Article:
less than 1 minute read

Public Order Crimes

Legalization

The U.S. government spends approximately $30 billion every year for drug enforcement. Over the last twenty years of the twentieth century it spent about $500 billion, money that could have been spent on many domestic programs. The government's success in its "War on Drugs" was quite limited, since a plentiful supply of illegal drugs was still available in 2004.

Proponents of drug legalization argue that banning drugs just creates a large network of manufacturers, traffickers, and distributors, all making enormous profits at the expense of U.S. citizens. They argue that the legalization of drugs, then regulating their distribution and sales by the government, is a much wiser approach.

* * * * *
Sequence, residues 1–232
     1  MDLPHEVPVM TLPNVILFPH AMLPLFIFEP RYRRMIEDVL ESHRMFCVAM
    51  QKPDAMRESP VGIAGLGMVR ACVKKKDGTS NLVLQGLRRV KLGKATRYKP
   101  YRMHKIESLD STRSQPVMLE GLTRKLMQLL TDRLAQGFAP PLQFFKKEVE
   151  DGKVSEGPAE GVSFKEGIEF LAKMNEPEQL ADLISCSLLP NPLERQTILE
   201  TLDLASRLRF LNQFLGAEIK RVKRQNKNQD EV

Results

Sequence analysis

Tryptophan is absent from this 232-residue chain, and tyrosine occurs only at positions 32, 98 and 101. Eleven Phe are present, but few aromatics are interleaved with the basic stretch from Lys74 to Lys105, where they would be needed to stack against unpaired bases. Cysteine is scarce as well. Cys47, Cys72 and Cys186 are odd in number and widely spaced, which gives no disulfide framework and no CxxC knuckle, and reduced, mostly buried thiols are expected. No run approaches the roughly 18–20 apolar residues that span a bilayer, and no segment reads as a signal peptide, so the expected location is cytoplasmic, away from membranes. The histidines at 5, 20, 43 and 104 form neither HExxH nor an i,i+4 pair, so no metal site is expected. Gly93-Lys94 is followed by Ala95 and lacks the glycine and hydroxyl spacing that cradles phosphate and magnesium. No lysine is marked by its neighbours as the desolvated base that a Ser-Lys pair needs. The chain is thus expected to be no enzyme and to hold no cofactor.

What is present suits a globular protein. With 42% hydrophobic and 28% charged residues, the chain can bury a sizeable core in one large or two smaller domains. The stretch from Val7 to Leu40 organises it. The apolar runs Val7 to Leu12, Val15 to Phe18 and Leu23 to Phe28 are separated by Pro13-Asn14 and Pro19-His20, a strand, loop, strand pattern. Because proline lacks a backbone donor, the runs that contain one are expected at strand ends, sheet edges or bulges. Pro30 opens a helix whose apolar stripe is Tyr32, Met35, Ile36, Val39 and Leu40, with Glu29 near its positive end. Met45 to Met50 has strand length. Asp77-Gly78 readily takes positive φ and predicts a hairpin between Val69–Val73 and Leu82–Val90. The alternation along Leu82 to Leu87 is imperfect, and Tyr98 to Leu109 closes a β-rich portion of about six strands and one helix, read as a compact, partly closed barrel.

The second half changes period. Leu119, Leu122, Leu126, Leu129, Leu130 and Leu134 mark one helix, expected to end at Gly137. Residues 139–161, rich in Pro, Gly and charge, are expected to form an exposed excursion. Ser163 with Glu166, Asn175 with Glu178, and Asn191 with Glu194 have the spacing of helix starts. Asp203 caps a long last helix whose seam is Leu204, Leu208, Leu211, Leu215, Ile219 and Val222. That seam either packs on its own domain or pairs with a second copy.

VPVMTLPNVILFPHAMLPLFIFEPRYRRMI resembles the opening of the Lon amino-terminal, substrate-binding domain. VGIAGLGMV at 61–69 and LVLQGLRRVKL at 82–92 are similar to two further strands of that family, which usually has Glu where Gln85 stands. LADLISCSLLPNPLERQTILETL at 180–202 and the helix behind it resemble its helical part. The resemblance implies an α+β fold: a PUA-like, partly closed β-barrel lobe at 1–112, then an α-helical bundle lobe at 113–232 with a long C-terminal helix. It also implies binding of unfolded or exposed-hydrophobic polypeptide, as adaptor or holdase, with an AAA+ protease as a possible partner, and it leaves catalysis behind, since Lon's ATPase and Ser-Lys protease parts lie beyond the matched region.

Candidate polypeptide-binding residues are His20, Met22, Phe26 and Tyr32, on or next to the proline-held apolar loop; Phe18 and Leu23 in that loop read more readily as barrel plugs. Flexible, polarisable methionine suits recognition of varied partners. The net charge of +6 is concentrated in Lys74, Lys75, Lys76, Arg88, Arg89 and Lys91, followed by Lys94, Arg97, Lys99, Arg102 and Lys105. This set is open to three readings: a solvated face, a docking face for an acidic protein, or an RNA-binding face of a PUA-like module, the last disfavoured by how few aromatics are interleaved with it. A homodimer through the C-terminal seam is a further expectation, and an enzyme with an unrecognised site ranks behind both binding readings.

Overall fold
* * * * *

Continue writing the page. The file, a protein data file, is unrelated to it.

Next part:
Opponents argue there is evidence in other countries, such as Iran and Thailand, that cheap, available drugs produce an epidemic of drug dependent people whom the government must then care of. Some propose partial legalization, allowing the sale of small quantities of marijuana, as another option. The legalization of drugs in the United States is not likely in the near future since most Americans reject the idea.


Additional topics

Law Library - American Law and Legal InformationCrime and Criminal LawPublic Order Crimes - Prostitution, Abnormal Sexual Behavior, Pornography, Alcohol And Crime, Driving Under The Influence (dui)